Art

The scrolls that keep immortal poets truly alive

by Matthew Larking

Contributing Writer

In 1919, a pair of 13th-century hand-painted and inscribed scrolls known as the “Satake Version, Thirty-Six Immortal Poets,” was cut up and dispersed among the incredibly wealthy — an act that made newspaper headlines.

As status symbols, owning one of the sections was proof of belonging to Japan’s elite. Over the 20th century, pieces changed hands and the whereabouts of some became unknown. Kyoto National Museum’s “Special Exhibition: The Thirty-Six Immortal Poets — Elegant Arts of the Classical Japanese Court,” brings together 31 fragments, the largest number assembled in one place since the 1919 dismemberment.

The scrolls comprised the oldest surviving pictorial example on the subject of the revered Buddhist poets of the seventh to 10th centuries, who were canonized when the scholar-poet Fujiwara no Kinto (966-1041) compiled them into a poetry anthology. Featuring a series of imaginary portraits in the medieval nise-e (“realistic” or “likeness pictures”) manner, each figure was also accompanied by representative verse.

Long in the care of the Satake family, feudal lords of the Akita domain, the “Satake Version,” reentered the art market in 1919 after an abortive attempt at ownership by businessman Tadasaburo Yamamoto (1873-1927), who acquired them in 1917. Failing to sell in 1919 owing to the exorbitant asking price, a consortium of captains of industry and finance, led by the entrepreneur and tea aficionado, Masuda Dono (1848-1938), pooled their resources. They then had the hand scrolls divvied up into fragments to be dispersed among them and be remounted as hanging scrolls for use in their private tearooms.

The figure-poetry fragments were not equally esteemed. The female poets, five among them, were favored. The section featuring Saigu no Nyogo (929-85), Princess Kishi in the imperial family during the mid-Heian Period (794-1185), was the most keenly sought. Its value was established at ¥40,000. The male poets were generally less lauded. Author and compiler of the poetry anthology “Kokin Wakashu” (c. 905), Ki no Tsurayuki (872-945) was the least regarded and assigned a comparably paltry ¥3,000.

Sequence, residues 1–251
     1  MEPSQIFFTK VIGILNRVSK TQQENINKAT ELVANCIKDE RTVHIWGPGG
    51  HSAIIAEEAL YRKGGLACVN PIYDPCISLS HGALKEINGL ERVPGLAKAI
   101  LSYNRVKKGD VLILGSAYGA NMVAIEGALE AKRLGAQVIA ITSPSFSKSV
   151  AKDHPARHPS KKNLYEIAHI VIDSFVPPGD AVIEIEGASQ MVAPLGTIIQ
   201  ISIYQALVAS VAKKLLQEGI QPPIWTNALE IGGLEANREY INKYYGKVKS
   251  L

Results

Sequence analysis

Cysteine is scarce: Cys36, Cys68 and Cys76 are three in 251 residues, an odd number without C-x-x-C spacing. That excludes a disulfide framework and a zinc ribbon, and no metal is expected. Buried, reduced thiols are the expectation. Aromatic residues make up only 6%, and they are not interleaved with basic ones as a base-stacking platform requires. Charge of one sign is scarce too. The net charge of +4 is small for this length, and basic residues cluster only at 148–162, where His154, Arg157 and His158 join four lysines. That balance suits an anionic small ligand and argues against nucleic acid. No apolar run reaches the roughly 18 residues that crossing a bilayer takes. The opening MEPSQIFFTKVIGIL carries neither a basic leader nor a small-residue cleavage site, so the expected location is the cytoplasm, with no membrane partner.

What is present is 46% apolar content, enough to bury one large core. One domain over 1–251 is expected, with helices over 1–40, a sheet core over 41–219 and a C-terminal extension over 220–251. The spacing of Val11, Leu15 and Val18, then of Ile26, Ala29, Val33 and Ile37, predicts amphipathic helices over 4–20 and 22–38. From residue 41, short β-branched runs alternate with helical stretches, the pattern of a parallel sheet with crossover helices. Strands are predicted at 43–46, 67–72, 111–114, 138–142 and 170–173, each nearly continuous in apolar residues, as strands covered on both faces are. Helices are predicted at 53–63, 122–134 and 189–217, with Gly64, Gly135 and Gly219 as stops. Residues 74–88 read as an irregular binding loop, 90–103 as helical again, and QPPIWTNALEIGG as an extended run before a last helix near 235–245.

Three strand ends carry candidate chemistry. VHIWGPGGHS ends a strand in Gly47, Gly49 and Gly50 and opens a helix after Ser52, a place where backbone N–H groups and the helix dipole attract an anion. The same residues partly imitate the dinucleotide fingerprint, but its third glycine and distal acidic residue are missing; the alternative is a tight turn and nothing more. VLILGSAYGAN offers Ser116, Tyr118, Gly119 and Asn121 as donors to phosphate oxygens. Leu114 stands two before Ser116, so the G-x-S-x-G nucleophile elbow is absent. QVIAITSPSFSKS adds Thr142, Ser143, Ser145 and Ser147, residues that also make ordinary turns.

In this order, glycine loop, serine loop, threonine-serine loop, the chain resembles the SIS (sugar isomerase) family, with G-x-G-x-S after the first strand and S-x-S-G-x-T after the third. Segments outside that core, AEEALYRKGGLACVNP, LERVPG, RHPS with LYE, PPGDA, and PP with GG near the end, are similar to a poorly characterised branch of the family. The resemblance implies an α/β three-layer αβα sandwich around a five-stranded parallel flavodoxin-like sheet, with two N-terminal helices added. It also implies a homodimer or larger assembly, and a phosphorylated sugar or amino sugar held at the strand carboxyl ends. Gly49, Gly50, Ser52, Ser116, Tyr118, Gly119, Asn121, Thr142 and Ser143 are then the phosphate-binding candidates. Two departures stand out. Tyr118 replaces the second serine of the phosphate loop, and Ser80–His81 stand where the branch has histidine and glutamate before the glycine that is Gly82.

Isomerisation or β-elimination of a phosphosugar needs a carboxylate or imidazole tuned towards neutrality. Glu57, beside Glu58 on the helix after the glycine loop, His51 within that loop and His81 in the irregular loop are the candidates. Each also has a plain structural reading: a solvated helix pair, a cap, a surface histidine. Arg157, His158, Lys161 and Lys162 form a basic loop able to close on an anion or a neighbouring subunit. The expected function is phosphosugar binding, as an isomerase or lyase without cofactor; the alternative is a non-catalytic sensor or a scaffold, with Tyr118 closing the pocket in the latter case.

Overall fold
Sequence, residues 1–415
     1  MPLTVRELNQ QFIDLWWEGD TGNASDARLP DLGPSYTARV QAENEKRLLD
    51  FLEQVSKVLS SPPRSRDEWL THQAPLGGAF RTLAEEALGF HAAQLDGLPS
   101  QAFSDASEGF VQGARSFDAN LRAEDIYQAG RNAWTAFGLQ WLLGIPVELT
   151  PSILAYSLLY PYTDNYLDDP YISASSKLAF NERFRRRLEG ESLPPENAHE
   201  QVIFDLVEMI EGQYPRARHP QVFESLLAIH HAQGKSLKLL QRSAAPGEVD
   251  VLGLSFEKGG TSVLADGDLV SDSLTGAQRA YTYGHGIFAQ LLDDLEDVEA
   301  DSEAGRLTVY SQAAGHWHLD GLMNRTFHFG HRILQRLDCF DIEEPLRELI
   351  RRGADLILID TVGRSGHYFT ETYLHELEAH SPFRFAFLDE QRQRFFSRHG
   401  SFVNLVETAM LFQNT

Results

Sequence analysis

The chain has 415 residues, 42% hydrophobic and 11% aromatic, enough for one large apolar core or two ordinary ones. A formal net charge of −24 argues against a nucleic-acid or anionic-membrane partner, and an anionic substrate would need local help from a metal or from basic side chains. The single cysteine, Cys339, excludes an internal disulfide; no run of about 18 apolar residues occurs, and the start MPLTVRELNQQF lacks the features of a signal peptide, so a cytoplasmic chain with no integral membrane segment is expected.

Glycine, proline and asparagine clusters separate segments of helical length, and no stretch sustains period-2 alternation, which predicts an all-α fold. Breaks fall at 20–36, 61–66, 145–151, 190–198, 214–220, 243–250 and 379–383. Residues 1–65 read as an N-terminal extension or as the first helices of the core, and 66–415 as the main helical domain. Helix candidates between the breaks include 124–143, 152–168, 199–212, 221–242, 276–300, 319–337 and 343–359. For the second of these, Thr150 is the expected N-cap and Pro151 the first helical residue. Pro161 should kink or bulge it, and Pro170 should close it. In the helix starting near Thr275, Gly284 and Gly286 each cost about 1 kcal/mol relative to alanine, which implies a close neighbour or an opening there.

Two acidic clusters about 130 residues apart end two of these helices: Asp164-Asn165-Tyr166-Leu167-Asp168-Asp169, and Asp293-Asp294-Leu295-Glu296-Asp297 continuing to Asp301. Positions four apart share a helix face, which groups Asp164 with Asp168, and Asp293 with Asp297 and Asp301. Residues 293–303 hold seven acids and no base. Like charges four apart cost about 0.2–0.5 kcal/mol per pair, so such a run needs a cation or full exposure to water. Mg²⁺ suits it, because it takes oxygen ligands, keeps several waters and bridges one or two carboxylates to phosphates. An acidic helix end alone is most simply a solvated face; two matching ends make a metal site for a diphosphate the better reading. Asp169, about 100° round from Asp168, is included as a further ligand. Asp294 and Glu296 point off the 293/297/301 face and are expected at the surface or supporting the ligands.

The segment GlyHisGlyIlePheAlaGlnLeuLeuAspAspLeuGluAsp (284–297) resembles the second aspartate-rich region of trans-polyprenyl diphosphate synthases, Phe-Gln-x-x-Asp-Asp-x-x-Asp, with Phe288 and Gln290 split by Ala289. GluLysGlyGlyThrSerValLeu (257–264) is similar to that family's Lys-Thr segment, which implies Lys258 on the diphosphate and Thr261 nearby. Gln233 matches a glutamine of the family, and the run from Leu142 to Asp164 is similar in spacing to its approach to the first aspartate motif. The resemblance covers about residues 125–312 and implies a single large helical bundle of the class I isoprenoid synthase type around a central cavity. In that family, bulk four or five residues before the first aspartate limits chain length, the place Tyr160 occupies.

While monetary values were accorded, the division of the “Satake Version” fragments among the consortium members was by lottery. Lots were drawn from a length of bamboo and luck, or lack of it, caused some considerable frictions. That bamboo section was subsequently re-purposed as a flower vase and is included in the Kyoto National Museum exhibition.

Not merely an encomium to the “Satake Version,” the exhibition pays homage to classical medieval poetry and calligraphy over centuries, the exquisite papers they were written upon, the fabrics they were mounted in and ink stones.

Individual exhibition sections are given to the historically meritorious, such as the “saint” of Japanese poetry, Kakinomoto no Hitomaro (c. 653-710), who was celebrated in the Nara Period (710-94) collection of waka poetry the “Manyoshu” (“Collection of Ten Thousand Leaves”) and worshipped after his death.

Comparative representations of the 36 immortal poets are also displayed in the “Agedatami,” “Tameie” and “Narikane” versions, and historically significant changes in the pictorial depiction of the poet pantheon is broached — with one highlight being the humorous facial exaggerations given to the poets in Suzuki Kiitsu’s Edo Period (1603-1868) version.

“Special Exhibition: The Thirty-Six Immortal Poets — Elegant Arts of the Classical Japanese Court” at Kyoto National Museum runs through Nov. 24; ¥1,600. For more information, visit www.kyohaku.go.jp.

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